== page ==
Traffic Sign Assist

When replacing the windscreen on a vehicle, if the windscreen is a genuine OE product and you are fitting it using the correct bump-stops/trims/damming/mounting components, and within OEM tolerances, as long as you do not disconnect the ADAS device and put the vehicle through an ignition cycle, there is nothing to detect the new part.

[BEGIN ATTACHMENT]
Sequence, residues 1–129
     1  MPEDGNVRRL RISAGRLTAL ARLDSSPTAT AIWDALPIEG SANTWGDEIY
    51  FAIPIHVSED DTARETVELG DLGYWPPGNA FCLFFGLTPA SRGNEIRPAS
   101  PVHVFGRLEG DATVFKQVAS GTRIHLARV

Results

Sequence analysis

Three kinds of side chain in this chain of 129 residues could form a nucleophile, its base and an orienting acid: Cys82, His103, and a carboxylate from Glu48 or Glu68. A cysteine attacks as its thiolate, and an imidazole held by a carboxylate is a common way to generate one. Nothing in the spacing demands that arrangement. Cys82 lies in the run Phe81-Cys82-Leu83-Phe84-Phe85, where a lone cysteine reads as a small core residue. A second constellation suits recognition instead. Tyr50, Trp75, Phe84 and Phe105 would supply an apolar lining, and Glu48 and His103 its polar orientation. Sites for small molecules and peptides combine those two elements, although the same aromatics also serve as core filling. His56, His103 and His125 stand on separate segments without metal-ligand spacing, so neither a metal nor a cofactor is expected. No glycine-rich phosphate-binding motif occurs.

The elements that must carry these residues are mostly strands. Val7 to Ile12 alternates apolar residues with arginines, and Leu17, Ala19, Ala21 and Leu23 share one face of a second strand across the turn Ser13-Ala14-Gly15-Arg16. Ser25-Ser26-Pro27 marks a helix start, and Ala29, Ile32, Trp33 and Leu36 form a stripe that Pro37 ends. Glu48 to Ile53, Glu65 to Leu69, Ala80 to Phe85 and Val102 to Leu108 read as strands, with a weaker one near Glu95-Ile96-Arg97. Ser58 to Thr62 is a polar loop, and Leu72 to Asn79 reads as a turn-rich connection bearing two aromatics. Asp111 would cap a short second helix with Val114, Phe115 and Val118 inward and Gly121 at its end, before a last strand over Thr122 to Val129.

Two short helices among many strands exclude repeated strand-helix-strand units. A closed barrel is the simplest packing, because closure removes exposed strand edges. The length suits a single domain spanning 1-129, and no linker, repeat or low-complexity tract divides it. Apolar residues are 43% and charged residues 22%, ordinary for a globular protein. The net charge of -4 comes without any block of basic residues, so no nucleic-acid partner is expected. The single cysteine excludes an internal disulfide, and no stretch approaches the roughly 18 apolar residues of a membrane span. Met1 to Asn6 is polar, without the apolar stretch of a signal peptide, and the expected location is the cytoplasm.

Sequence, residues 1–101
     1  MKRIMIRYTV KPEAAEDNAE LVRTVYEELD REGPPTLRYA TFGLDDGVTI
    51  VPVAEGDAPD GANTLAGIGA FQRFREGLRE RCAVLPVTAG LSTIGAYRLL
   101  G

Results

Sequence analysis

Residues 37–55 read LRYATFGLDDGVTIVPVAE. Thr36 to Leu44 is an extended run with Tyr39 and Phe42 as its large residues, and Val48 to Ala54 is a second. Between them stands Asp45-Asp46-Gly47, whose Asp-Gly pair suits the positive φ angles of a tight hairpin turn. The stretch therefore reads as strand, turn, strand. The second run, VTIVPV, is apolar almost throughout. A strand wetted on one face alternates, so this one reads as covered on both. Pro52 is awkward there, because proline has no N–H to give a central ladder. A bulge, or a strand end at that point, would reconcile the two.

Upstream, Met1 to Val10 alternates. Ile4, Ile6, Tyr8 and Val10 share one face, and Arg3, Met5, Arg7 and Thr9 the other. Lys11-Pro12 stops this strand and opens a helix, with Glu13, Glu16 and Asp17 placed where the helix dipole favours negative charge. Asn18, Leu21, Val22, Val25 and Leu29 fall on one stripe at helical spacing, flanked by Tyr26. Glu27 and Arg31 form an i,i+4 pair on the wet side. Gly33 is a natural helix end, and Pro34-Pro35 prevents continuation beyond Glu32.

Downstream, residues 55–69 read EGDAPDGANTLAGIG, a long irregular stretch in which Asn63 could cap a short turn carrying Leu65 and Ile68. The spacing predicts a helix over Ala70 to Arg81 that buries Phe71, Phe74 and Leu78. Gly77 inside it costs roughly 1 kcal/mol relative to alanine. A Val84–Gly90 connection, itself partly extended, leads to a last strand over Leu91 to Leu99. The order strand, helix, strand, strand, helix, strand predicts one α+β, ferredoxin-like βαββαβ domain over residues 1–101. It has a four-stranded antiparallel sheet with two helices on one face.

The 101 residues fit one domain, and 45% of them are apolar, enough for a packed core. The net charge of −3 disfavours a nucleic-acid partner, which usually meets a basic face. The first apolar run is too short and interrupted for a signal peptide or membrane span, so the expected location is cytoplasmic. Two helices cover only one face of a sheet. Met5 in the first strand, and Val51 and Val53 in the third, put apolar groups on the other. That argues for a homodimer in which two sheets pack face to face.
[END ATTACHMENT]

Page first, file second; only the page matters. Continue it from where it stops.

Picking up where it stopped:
Put simply, if you are using manufacturer branded products, fitting them to millimeter precision, and do not put the vehicle through an ignition cycle [with a device disconnected] the car will not know the windscreen has been replaced. It is therefore unlikely that you will encounter any issues. Furthermore, many (if not most) devices are auto-calibrating. They have to be, to allow for constant variables during use. The issues occur mostly (in terms of windscreen replacement) when non-genuine parts are used (referred to as aftermarket parts). Comparing an OE windscreen to an aftermarket copy of it, the differences often become immediately apparent such as misaligned brackets (to which the ADAS device is mounted) or that the material used is inferior. When you mount a camera to its bracket or plate which itself is not positioned correctly, the accuracy of that device is immediately compromised. This therefore, is a scenario where recalibration would be needed. Original parts do not offer any such issues.